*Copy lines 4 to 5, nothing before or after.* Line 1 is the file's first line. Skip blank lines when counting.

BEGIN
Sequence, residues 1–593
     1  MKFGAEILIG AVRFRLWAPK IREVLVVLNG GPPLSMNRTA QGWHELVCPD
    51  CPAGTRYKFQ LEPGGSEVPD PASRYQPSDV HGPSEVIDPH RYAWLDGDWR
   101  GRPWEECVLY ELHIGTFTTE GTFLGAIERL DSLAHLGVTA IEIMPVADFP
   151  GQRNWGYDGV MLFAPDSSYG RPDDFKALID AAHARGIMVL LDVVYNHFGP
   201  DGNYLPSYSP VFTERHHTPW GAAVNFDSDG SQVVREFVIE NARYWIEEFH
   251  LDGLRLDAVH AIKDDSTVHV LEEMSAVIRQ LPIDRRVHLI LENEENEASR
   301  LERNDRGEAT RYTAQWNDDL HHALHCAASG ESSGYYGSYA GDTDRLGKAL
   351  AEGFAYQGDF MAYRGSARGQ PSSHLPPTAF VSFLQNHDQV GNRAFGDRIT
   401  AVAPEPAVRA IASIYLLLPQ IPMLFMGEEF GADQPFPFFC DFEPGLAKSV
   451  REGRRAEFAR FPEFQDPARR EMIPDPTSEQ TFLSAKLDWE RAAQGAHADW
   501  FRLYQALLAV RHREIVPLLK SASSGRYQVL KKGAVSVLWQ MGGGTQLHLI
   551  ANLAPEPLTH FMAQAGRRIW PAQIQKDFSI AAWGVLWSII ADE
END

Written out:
   101  GRPWEECVLY ELHIGTFTTE GTFLGAIERL DSLAHLGVTA IEIMPVADFP
   151  GQRNWGYDGV MLFAPDSSYG RPDDFKALID AAHARGIMVL LDVVYNHFGP